Tarsal tunnel syndrome refers to an entrapment neuropathy (tunnel syndrome) of the (posterior) tibial nerve or of its branches within the tarsal tunnel. This condition is analogous to carpal tunnel syndrome.
The most common symptoms are pain and paresthesia in the toes, sole, or heel and the main finding at physical examination is the Tinel sign (distal paresthesias produced by percussion over the affected portion of nerve). Tarsal tunnel syndrome is usually unilateral.
Electromyography and nerve conduction studies are useful in confirming the diagnosis.
Because the tarsal tunnel is a tight space, volume-occupying lesions can cause symptoms.
- idiopathic / no cause identified (40-50% cases) 1,7
- ganglion cysts
- bone deformity after calcaneal fractures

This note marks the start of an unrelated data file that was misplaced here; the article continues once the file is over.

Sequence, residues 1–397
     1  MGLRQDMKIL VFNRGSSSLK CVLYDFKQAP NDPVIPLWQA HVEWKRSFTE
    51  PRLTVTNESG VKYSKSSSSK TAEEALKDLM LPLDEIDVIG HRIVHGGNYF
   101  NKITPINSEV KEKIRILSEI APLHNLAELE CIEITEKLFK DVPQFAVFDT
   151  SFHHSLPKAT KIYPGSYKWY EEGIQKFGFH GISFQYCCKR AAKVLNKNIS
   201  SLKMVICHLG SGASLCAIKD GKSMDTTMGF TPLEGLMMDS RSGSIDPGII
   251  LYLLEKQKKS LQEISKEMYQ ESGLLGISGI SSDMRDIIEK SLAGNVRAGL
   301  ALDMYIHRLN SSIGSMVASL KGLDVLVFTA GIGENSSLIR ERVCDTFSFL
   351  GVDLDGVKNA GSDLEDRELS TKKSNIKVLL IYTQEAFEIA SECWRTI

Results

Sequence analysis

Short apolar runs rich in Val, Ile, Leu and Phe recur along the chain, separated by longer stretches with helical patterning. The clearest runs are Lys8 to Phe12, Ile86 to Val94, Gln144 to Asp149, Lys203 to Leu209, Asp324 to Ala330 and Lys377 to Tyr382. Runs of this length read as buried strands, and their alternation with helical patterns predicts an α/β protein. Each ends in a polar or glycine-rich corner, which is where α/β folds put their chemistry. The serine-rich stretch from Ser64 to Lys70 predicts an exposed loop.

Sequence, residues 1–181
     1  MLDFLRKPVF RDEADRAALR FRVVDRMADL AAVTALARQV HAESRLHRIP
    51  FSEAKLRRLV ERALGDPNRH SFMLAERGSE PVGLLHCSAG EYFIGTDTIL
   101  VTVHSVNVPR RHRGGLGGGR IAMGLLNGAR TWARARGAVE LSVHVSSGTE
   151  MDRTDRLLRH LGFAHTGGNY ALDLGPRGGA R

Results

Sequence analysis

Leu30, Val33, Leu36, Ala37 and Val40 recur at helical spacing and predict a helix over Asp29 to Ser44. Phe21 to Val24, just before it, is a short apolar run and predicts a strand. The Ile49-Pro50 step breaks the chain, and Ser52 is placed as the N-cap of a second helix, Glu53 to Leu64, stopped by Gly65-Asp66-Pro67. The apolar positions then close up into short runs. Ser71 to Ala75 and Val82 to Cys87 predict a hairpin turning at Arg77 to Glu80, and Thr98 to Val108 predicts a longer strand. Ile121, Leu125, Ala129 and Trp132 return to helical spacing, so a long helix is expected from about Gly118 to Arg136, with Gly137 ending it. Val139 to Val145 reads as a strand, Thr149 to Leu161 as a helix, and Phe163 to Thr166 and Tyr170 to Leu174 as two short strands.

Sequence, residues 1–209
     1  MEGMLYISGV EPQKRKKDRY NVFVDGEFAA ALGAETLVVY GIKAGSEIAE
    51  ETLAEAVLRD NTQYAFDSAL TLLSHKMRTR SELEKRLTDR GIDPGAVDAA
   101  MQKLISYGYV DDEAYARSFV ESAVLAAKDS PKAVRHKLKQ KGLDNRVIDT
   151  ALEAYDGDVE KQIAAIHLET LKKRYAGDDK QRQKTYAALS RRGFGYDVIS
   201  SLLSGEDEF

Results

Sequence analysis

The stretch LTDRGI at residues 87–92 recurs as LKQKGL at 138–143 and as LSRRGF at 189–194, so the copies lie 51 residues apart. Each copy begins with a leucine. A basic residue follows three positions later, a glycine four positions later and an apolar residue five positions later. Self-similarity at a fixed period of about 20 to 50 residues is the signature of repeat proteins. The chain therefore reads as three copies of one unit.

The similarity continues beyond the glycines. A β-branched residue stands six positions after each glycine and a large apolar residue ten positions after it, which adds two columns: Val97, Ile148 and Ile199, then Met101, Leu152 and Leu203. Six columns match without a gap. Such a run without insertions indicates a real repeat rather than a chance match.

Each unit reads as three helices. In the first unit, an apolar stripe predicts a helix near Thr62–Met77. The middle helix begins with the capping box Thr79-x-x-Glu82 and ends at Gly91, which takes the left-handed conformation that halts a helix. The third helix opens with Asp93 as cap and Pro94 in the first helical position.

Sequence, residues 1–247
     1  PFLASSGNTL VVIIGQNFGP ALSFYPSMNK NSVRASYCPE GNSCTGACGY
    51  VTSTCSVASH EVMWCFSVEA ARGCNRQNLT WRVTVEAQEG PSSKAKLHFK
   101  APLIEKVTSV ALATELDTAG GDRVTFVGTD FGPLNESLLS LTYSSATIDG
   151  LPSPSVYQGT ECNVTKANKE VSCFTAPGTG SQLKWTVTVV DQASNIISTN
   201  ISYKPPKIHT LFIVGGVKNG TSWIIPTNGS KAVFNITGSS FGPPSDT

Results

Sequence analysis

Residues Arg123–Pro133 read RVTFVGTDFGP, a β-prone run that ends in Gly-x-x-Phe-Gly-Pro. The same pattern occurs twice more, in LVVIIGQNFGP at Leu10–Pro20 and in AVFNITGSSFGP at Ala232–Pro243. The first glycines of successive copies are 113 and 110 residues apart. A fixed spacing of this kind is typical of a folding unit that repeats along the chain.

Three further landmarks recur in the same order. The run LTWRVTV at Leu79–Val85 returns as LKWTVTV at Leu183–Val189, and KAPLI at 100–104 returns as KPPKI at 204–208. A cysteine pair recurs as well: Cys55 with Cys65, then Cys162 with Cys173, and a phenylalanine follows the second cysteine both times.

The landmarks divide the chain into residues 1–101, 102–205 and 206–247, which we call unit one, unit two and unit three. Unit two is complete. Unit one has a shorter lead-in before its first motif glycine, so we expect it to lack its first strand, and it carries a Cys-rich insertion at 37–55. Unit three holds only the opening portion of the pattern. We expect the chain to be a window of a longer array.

- tenosynovitis of the flexor tendons
- tumors (e.g. schwannoma 6, lipoma)
- accessory or hypertrophied abductor hallucis muscle
- synovial hypertrophy
- hindfoot valgus 1
- pes planus
- post-traumatic fibrosis
- os trigonum 2
May be able to demonstrate the presence of some of the etiological factors listed above.
MR imaging clearly depicts the bones, soft-tissue contents, and boundaries of the tarsal tunnel as well as the different pathologic conditions responsible for tarsal tunnel syndrome.
MR imaging can also aid in determining whether treatment should be conservative (e.g. tenosynovitis) or surgical (e.g. space-occupying lesions).
Treatment and prognosis
Conservative management - orthosis, local injection, anti-inflammatory medications, and tricyclic antidepressants (TCA).
Surgical management - decompressive surgery.
History and etymology
The term was first described by C Keck and S J S Lam in 1962 3.
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